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Too busy to reply lately, sorry.

JohnKSa. Even my clumsy English doesn't sound like so(my mother tongue is Cantonese), I'm in agreement with you. I kept mentioning the 2 cases not to argue they were right. They are the examples of applying Newton's law blindly. Unfortunately we have quite a few of those floating around. People just repeat what they heard without understanding it.

Shoulder on butt stock. That leads to the next rabbit hole; muzzle rise. Here we are only interested in what happens during barrel time, which affect the exit angle of the projectile.

With the shoulder pressing on the butt stock, force is applied to the butt stock to decelerate rifle as soon as the primer is ignited. The center of the butt stock is not inline with the barrel. 5" for regular rifle designs, 2.5" for AR type designs. The force on the butt stock produces a torque to rotate the muzzle upward. It lasts as long as force is asserted on the butt stock, but what affect the POI is the portion during the barrel time of 2ms or so.

If there is small clearance (1/4" or so) there won't be such torque before the bullet exits the muzzle, and hence no effects on POI. Of course the felt recoil would be much more uncomfortable.

Some say the change in POI is due to the change of MV caused by shoulder on the butt stock. We have already concluded that the change in MV is insignificant.

The muzzle rise is difficult to keep consistent. Quite likely it doesn't help the group size. What can we do to minimize such effects?

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Old November 14, 2022, 01:29 PM   #20
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JohnKSa. Even my clumsy English doesn't sound like so(my mother tongue is Cantonese), I'm in agreement with you. I kept mentioning the 2 cases not to argue they were right. They are the examples of applying Newton's law blindly. Unfortunately we have quite a few of those floating around. People just repeat what they heard without understanding it.
Sorry about that, I misread your post.
Quote:
The muzzle rise is difficult to keep consistent. Quite likely it doesn't help the group size. What can we do to minimize such effects?
Minimize the time in the barrel. In open-sight competitions, "bloop tubes" are sometimes used. These extend the sight radius without extending the barrel.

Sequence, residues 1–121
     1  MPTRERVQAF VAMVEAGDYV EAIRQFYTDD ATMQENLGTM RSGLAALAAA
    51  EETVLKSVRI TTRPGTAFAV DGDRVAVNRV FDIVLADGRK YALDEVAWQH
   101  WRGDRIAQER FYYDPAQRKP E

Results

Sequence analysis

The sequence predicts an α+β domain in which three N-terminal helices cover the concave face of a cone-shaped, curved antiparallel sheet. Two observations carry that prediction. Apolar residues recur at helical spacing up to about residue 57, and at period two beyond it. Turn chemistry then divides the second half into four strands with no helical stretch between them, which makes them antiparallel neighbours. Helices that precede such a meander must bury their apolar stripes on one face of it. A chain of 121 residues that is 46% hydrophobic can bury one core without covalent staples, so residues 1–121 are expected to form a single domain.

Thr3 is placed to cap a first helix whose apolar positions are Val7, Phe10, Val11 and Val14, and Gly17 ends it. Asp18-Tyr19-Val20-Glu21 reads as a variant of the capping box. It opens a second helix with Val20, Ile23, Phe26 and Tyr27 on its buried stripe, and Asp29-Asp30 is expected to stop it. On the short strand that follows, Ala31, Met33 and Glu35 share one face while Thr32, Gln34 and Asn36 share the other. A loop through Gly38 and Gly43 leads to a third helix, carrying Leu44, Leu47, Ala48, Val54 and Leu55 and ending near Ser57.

The main thing is to be consistent and understand that different shooting positions will affect the muzzle rise. The effect is very small, but then we are concerned with very small effects if we are trying for tiny groups.

Position shooters often make sight adjustments for each position (prone/standing/kneeling/sitting) and some of that is to compensate for muzzle rise.
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Old November 14, 2022, 04:39 PM   #21
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Backing up a bit to shooting a man flying off his feet. Theoretically I do think it is possible (not impossible).

A rifle bullet can easily have kinetic energy of 1,000 ft-lb. It is enough to send a 1000 lb mass 1 foot straight up, or to send 200 lb mass moving at 18 fps (about 12mph). But in practice, it is rather difficult to get that energy fully transferred to the target.

One story account is the closest that I have heard. It was on a documentary. An army medic was hit by a sniper round. The chest plate in his body armor saved him. It was slightly nicked and they couldn't recovered the projectile. It was believed that the bullet bounced back upon impact. Basically his body absorbed the substantial portion of the energy. He remembered it was like being ramped by a fast moving truck. When he regained his bearings, he was on the ground flat on his back meters away from where he was standing. His teammates' quick reaction and fierce covering fire kept the enemy from follow-up shots. They managed to pull him to safety. Nobody remembered seeing him flying in air, but I would think it must be quite close to.

-TL

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Old November 14, 2022, 06:02 PM   #22
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Mythbusters did a test with a crash test dummy. They set it up with an AR500 plate in its chest.

They shot it with a .50BMG at arm's length distance. The bullet did stop in the dummy. It went through the plate but stopped in the metal spine.

The dummy was not moved backwards by an appreciable amount.

Here's more on that test, including some screen captures from the test.

https://thefiringline.com/forums/sho...5&postcount=15